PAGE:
unorthodox along these lines.

I’m of course relatively unaware of the musical directions Devin’s explored throughout his back catalog, but I was impressed enough by the bold, whimsical theatricality of “Why?”, a song that might be my favorite on the record. It actually reminded me of something off the aforementioned Therion and their Beloved Antichrist opera from last year, a tune that seems more classical aria than pop ballad as we know it. His vocals here are rich and emotive despite their purposeful over the top nature, particularly at the 3:10 mark during the heightened swell of the songs climax —- he could be a guest tenor on a Sarah Brightman record during that sequence. On the complete opposite end, “Hear Me” was a compelling uber-aggressive moment ala Strapping Young Lad, and it was interesting to hear how Chad Kroeger’s guest vocals fit into the chaos (it sounded good, but its a little hard to discern his voice from Devin’s). The percussion here courtesy of Samus Paulicelli is dizzying by the way, and its worth checking out this clip of him recreating his recording. Then there’s the love it or hate it proposition of “Spirits Will Collide” with its heart on sleeve lyrics that are admirable in their anti-suicide plea, sort of a spiritual cousin to R.E.M.’s “Everybody Hurts”. I’ve seen a decent amount of polarizing reactions to this one, and while I’m one of the few who don’t go towards either end, I think its a well constructed song in terms of its pop hook actually affecting sparking a listener’s pathos if they’re personally inclined to allow it. As some of you know, I listen to Sarah Brightman records, so this is the kind of syrup I’ll gladly pour over my pancakes, except that I think the song is diminished a bit with the harsher vocals. I’d love to see an alternate version surface, something more in the vein of this cover. It feels like it could’ve been a home run power ballad but maybe there was some thought that it might’ve been a little too much. I appreciate Devin’s admitting that Enya was an influence on the choral verse melodies, because I heard the structure of “Only Time” straight away on first listen. One of the most buzzed about albums this year is definitely worth all the noise, and for his sheer creativity alone, I hope he makes his money back.

Thormesis – The Sixth:

This was something brought to my attention via Justin of the Mindfudge Podcast when he guested on a recent MSRcast episode, and I’ve been binging this album ever since. Thormesis are a German band that have delivered five apparently unremarkable albums of epic pagan black metal ala Moonsorrow sung in their native language, thus going fairly unnoticed by most of the metal world. Now full disclosure, I haven’t had a chance to check out their back catalog, but I’m trusting the opinion of someone who has, so take my appraisal of their back catalog with a grain of salt. What matters is explaining why they’ve really hit upon something remarkable with The Sixth, and that’s at once a simple and complicated proposition. There so many elements at play here, furious tremolo riffing over frenetic blastbeat passages, hard rock influenced splashes of lead guitar overlays, an Ensiferum-esque way with pagan metal styled choral vocals, and a noticeable post-rock production wash (dare I say black-gaze-ish?) that permeates the pores of these songs. What brings all these together in as compelling a manner as they are is the satisfyingly earwormy sense of melody that’s ingrained in the songwriting. Yes this is an album full of discordant chord progressions and abrupt tempo shifts, the sort of thing that makes black metal the extreme noise chamber it can often be, but on The Sixth, Thormesis grab hold of those seemingly uncontrollable elements and tame them with some of the strongest melodies I’ve heard on an extreme metal album in recent memory.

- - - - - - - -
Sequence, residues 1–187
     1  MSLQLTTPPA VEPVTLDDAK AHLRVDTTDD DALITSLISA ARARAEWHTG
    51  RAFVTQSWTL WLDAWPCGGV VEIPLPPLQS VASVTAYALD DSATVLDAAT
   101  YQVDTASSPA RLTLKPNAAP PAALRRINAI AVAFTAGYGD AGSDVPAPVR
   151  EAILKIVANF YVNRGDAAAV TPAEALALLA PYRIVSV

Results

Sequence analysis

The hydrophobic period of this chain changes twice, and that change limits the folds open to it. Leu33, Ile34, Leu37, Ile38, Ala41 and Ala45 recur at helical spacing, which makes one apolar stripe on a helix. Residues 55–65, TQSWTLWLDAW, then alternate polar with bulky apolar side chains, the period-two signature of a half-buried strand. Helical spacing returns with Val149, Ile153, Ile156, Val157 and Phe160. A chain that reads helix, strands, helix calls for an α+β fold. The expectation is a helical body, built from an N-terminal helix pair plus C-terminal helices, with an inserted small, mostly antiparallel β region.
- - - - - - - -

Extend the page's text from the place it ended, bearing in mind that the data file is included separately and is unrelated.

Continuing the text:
We hear this on the very first measures of the album opener “Sonnen”, with its tail-riff segmenting approach to the verse passages (check the :25 second and 1:17 marks). Its something from the hard rock playbook that not only gives a clear, discernible structure to an otherwise chaotic rhythmic attack, but serves as the song’s motif, an approach I often wish more black metal bands would employ. But there’s so much more here to unpack, the gorgeous, melancholy keyboard fragments that gently glide over everything three minutes in, and the lead vocal duet between guitarists Tino Krüger and Benjamin Rupp, who apparently share vocal duties throughout the album. The worryingly titled “Their Morbid Drunken Ways” initially conjured up images of some kind of Finntroll level disaster, but thankfully its more along the lines of Sentenced in its melancholic, aching melody that’s loosely draped across a mid-tempo, Katatonia-esque quiet and thunder juxtaposing. I hear that same Sentenced / Insomnium melodic tone in the opening phrasings in “Chor der Toten”, which might be my favorite song on the album. And its not only because of that awesome rock guitar bend at 2:11 that steers us away from one of the album’s most fierce passages to a beautiful, satisfying guitar solo; its the dramatic, isolated tremolo fragment stirring in the ether that builds up to that visceral explosion at the 4:07 mark, like a roller coaster careening down from top of the highest hill. These are songs largely built around musical hooks, not conventional pop formatted vocal hooks, but there are times when the band get daring enough to employ unconventional vocal motifs such as on “One Tear For Every Last Burning Soul”, where clean vocals erupt in something like funeral wailing. It sounds weird but trust me it works, particularly when its fit in between crystalline synths and soaring, emotional guitarwork. If you’ve been looking for something to blow you away in the first half of this year, you need to check this out regardless of your tolerance for black metal because The Sixth is a transcendent release.